Both parties offered their RFC sources as authoritative, unbiased sources relating to the meaning of the URL expression, and for good reason: the documents were issued by the World Wide Web Consortium ("W3C"). The W3C is an international industry consortium hosted by the Massachusetts Institute of Technology, the Keio University in Japan, and the Institut National de Recherche en Informatique et an Automatique in France. This organization provides an open forum for companies and organizations that coordinate Internet development worldwide and, in particular, "attempts to set global standards".(5)

To date, the W3C has published more than forty recommendations toward the universality of Internet technology.(6) At the same time, the W3C assists Internet developers around the world in complying with standards. The hosts of the W3C are vendor-neutral and market-neutral, and continue to coordinate with other standards organizations in the industry; for example, the Internet Engineering Task Force ("IETF"). The IETF exists for the sole purpose of drafting, revising, and reviewing Internet Standards(7) . Among the many documents produced by the IETF are some known as "standard track" RFCs. These reports seek to organize a common understanding of Internet technology and protocols among various industry participants, in the hope that a common understanding will lead to the development of a standard. Both of the RFC documents produced in ACTV v. Disney were standard track RFCs produced by the IETF and endorsed by the W3C. The District Court used the RFC I standard track document to construe the claims against ACTV; ACTV appealed.

Although these documents appeared to be unbiased in relation to the lawsuit, and a fair measure of the terminology used in the industry, the Federal Circuit reversed the lower court's decision. In an opinion by Judge Linn, the Court held that the URL term, as used in the ACTV patents, covers both absolute and relative URLs. The Court wrote, "[w]here the written description does not expressly limit the claim term and otherwise supports a broader interpretation, we are constrained to follow the language of the claims, and give the claim term its full breadth or ordinary meaning as understood by persons skilled in the art." (8) Since the ACTV patents lacked an indication of the patentee's clear intent to limit the URL term to absolute URLs, the Court ruled that the URL term, as understood by those skilled in the prior art, therefore may refer to both types of URLs .(9)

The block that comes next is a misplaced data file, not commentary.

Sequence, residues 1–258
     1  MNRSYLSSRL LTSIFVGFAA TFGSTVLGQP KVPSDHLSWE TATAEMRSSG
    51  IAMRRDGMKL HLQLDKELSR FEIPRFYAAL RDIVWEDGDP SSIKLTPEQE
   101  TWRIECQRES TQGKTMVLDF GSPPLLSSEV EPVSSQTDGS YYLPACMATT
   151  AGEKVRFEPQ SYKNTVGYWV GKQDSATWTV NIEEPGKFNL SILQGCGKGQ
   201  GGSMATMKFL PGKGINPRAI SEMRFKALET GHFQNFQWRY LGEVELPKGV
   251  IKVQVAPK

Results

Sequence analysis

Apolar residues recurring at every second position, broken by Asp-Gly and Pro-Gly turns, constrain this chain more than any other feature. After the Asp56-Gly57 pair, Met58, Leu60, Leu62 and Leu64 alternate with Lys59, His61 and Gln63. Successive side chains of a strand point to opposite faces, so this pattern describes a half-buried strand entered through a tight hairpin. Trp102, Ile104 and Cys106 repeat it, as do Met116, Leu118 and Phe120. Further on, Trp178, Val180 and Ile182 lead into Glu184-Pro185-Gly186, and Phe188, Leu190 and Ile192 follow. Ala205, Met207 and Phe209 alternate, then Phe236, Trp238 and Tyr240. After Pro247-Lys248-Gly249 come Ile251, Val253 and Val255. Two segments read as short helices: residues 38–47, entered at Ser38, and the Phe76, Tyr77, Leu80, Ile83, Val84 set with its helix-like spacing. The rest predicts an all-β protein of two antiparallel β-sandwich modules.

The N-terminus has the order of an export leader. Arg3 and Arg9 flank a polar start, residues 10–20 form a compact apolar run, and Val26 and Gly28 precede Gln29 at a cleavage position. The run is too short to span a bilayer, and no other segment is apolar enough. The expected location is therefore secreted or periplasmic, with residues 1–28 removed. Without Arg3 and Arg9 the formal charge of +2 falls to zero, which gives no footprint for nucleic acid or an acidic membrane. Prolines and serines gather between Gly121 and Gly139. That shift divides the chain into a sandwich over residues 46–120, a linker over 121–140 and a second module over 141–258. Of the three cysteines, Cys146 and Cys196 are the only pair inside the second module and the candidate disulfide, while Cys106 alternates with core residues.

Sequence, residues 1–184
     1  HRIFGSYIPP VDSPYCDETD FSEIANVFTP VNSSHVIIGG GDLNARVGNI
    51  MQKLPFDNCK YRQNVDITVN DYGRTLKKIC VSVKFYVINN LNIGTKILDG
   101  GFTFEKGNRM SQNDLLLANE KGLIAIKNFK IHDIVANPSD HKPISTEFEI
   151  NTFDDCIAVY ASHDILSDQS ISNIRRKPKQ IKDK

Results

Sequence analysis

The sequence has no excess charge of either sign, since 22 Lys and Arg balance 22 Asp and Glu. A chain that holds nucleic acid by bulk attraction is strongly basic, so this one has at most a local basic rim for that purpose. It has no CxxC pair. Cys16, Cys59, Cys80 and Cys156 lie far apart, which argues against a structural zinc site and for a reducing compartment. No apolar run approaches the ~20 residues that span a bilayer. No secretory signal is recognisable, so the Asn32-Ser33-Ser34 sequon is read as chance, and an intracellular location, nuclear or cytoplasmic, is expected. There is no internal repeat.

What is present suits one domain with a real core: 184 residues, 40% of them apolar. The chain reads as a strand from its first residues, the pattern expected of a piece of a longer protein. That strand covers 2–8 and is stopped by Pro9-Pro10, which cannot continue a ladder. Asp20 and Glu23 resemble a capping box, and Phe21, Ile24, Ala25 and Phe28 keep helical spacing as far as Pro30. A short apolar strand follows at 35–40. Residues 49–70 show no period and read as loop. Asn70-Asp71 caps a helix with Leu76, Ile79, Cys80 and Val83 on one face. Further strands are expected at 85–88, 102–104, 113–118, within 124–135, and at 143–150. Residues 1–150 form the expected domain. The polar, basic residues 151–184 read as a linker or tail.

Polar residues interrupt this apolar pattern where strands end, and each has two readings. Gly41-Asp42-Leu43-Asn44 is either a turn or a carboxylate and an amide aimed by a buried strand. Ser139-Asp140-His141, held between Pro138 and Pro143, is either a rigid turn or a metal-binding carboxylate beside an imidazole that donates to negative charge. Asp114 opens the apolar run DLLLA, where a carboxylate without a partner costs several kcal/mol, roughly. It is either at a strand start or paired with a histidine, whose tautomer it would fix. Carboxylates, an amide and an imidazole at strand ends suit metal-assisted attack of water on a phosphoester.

In relation to the parties arguments regarding the RFC's, the question presented to the Federal Circuit in ACTV v. Disney was the extent to which reliance would be placed on the RFC documents produced by the two parties. The question was slightly further complicated by the fact that the same industry standards organization had produced two documents which appeared to be at odds. The Court declined to give any weight to the RFCs, holding in sum that Requests for Comments are extrinsic evidence which may not be used, without more, to establish common meaning among those skilled in the prior art. "Because the RFCs were not design to reflect common usage, but rather to assign language to facilitate further conversation, and because of the seeming contradictions between RFC 1738 and RFC 1808, we conclude that both documents are extrinsic evidence, and ... we decline to rely on them in our claim construction analysis." (10)

The Court explicitly noted that "there is no general prohibition on the use of publications from standards-setting organizations to aid in determining the ordinary and customary meaning of technical terms. Where such a document reflects common usage by those skilled in the relevant art, the document may indeed be an appropriate reference." (11) However, the Court opined that the RFC documents were not reflective of common usage and were instead reflective only of a conversation about future common usage. "Where, as in this case, the documents of the standards-setting organizations do not reflect common usage, but purport to select language to be used in the future, elevation of the Requests for Comments to the same authoritative, unbiased level as dictionaries is improper." (12)

(1) U.S. Patent Nos. 5,774,664; 5,778,181; and, 6,018,768
(2) ACTV, Inc. v. Walt Disney Co., 204 F.Supp.2d 691, 693 (S.D.N.Y. 2002)
(3) Id.
(4) Id.
(5) About the World Wide Web Consortium (W3C), at (last visited Nov. 15, 2003).
(6) See, e.g., Uniform Resource Locators (RFC 1738) at (T. Berners-Lee et al. eds. Dec. 1994).
(7) Id.
(8) ACTV, Inc. v. Walt Disney Co., 2003 U.S. App. LEXIS 20498; 2003 WL 22300131, at *17 (9) Id.
(10) Id.
(11) Id.
(12) Id.